North Dakota scores an F on education report card

Currently, North Dakota’s education policies do not prioritize great teaching, empowering parents with quality choices, or using resources wisely to raise student achievement. The state trails most of the country when it comes to adopting critical education reforms. North Dakota does not evaluate teachers and principals in a meaningful way, and it does not link student performance, educator performance, and district personnel and salary decisions. The state does not provide parents with meaningful information regarding school or teacher performance, and parents have no educational options, such as selecting a pubic charter school, when their children are trapped in low-performing schools. North Dakota has also not established state authority to intervene in low-performing schools or districts, and boards of education are not held accountable when schools fail to meet objectives. Finally, North Dakota should no longer lock teachers into the existing outdated pension system and should instead offer a more attractive, portable retirement option.

Rob Port is the editor of In 2011 he was a finalist for the Watch Dog of the Year from the Sam Adams Alliance and winner of the Americans For Prosperity Award for Online Excellence. In 2013 the Washington Post named SAB one of the nation's top state-based political blogs, and named Rob one of the state's best political reporters. He writes a weekly column for several North Dakota newspapers, and also serves as a policy fellow for the North Dakota Policy Council.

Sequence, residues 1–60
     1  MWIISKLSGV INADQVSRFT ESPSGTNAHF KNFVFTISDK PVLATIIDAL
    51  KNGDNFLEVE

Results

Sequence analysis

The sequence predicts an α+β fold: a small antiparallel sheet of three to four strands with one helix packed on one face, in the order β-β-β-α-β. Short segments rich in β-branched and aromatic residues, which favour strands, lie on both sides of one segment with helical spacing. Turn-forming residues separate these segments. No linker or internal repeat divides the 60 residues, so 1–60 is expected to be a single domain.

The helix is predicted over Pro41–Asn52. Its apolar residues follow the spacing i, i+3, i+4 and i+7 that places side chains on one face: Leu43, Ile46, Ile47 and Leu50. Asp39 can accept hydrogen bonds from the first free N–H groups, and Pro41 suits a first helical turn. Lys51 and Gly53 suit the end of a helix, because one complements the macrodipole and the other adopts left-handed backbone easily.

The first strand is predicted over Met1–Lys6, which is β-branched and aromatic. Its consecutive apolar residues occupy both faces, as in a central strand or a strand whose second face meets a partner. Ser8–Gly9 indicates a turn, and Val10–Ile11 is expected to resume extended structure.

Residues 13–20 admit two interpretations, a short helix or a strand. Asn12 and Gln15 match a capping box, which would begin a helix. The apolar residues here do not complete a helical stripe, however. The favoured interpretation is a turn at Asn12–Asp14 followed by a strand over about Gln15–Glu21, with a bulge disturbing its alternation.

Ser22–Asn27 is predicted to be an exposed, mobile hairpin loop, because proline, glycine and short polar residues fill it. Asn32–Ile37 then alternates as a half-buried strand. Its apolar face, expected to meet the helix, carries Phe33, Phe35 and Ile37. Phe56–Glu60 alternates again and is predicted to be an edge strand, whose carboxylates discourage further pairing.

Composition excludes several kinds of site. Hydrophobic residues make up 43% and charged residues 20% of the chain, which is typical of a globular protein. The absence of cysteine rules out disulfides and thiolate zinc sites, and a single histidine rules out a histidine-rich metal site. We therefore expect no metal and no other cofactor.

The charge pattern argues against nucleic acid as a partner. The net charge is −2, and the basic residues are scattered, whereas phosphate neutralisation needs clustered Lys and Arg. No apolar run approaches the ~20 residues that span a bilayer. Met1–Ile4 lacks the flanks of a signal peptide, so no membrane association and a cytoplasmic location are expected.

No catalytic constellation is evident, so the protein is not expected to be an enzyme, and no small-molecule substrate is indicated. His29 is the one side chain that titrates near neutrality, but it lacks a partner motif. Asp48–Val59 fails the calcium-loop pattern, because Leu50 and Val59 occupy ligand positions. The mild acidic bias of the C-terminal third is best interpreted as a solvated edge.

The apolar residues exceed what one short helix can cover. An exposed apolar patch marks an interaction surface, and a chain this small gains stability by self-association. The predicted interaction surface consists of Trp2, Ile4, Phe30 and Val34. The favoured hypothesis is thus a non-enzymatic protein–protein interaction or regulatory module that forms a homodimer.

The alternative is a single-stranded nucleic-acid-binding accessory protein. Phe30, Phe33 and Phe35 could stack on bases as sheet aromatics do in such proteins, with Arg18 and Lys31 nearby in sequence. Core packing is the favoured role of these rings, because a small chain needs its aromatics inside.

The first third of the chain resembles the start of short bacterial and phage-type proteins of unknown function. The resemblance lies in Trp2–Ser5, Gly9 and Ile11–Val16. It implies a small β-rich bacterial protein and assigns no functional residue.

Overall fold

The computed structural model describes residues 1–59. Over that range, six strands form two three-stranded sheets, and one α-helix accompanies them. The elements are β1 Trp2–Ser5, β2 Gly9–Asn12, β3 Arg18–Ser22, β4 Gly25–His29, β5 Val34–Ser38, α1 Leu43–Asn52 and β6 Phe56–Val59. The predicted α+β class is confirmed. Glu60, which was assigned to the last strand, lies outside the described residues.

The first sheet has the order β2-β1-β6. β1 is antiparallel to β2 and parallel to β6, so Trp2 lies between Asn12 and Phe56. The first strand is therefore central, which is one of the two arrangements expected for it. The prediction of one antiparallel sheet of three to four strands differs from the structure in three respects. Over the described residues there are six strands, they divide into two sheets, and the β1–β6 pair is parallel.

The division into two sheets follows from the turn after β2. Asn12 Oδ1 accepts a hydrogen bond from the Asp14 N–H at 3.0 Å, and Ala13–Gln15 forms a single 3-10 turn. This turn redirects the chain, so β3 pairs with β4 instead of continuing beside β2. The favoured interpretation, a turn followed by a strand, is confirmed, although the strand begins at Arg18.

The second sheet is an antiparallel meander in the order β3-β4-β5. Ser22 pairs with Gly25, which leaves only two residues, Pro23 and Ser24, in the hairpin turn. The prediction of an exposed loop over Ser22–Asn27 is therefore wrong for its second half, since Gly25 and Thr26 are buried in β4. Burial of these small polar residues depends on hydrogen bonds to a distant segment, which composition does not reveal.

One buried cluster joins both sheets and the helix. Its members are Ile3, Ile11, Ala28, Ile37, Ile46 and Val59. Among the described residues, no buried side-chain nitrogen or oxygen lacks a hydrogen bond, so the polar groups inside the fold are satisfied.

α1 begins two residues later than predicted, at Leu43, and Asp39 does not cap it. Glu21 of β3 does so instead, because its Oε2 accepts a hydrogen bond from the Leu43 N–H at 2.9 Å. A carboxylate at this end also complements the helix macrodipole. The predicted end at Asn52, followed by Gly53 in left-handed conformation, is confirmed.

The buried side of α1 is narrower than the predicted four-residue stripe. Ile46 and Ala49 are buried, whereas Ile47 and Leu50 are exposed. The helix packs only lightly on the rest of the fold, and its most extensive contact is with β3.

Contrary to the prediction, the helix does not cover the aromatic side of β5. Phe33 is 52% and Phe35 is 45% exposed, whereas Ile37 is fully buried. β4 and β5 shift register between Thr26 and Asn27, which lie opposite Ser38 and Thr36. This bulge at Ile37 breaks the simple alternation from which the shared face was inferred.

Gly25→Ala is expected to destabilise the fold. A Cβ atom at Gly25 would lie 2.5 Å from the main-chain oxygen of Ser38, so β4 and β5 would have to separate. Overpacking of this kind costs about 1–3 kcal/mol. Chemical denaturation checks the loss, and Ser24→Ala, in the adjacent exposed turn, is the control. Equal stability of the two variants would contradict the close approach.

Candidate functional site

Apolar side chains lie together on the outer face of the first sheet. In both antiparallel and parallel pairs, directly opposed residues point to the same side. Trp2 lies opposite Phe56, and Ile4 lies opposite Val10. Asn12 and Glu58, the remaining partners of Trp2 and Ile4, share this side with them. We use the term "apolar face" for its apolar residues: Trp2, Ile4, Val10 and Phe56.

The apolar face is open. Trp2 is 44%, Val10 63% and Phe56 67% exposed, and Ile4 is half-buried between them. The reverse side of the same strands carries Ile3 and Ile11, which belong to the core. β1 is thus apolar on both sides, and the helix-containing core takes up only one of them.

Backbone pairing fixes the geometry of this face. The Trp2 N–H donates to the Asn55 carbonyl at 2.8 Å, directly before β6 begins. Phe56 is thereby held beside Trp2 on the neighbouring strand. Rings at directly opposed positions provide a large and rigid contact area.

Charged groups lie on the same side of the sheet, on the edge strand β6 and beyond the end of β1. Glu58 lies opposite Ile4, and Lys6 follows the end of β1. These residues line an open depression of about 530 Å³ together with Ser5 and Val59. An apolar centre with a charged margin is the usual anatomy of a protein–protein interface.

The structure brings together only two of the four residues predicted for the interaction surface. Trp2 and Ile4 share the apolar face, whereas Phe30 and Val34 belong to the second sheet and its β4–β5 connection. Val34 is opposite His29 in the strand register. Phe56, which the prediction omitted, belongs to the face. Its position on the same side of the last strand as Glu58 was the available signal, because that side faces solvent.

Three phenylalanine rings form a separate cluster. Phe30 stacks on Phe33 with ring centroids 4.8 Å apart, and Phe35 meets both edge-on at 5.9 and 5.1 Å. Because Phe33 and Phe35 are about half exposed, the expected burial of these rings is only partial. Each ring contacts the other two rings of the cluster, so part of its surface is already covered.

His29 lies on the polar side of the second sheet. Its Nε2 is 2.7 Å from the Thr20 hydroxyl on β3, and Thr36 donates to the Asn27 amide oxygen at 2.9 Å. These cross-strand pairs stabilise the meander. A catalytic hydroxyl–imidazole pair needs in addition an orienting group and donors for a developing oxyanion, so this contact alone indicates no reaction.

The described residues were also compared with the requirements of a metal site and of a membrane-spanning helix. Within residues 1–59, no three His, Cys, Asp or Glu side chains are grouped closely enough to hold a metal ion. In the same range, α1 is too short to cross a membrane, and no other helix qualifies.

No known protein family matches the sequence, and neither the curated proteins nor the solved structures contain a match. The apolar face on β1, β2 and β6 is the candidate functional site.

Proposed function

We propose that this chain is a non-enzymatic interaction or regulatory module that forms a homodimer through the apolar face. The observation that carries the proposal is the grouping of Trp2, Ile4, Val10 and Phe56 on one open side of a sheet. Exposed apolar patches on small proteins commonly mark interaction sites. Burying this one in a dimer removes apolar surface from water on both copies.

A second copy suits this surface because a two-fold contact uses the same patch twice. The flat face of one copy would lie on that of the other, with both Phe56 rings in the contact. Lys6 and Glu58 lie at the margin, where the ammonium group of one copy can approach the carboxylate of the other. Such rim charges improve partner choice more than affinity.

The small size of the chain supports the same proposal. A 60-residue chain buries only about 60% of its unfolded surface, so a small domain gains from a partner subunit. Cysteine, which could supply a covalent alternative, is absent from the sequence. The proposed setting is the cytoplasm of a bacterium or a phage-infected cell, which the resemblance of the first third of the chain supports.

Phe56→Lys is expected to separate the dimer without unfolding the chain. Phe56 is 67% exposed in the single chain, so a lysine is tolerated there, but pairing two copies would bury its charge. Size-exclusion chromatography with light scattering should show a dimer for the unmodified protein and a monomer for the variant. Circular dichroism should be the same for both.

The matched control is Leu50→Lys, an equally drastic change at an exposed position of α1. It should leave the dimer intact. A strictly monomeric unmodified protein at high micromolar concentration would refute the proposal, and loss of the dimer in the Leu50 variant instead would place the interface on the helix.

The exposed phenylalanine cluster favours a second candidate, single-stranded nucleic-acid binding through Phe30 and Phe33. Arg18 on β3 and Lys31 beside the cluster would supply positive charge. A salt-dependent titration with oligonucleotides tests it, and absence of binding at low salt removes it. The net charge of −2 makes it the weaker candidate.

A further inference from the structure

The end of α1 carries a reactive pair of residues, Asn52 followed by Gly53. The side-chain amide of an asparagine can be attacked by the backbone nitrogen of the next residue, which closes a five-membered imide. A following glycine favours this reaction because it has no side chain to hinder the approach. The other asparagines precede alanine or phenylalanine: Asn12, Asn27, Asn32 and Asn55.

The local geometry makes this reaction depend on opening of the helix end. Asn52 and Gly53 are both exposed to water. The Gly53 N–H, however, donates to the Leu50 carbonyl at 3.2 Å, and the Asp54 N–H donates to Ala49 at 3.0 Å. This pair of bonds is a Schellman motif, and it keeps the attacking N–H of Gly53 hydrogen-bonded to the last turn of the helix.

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  • kevindf

    ND’s education cabal gets an F for managing finances, as well.

  • ND_Runner

    I never comment on this website, but this time I have to. This article is completely ridiculous.

    First off, the reason why parents can’t choose to send kind to charter schools is because we don’t have any. We don’t have enough kids for that in most schools districts, so that argument doesn’t hold water.

    Secondly, and similarly, the reason why most parents can’t choose where to send their kids is because unless you’re in Fargo, GF, or Bismarck, you have one choice of public high school.

    Lastly, how can they deny the student’s test scores? The article itself says that students are performing in the top 15 in the required areas. So even though we apparently suck at everything, we still teach them right.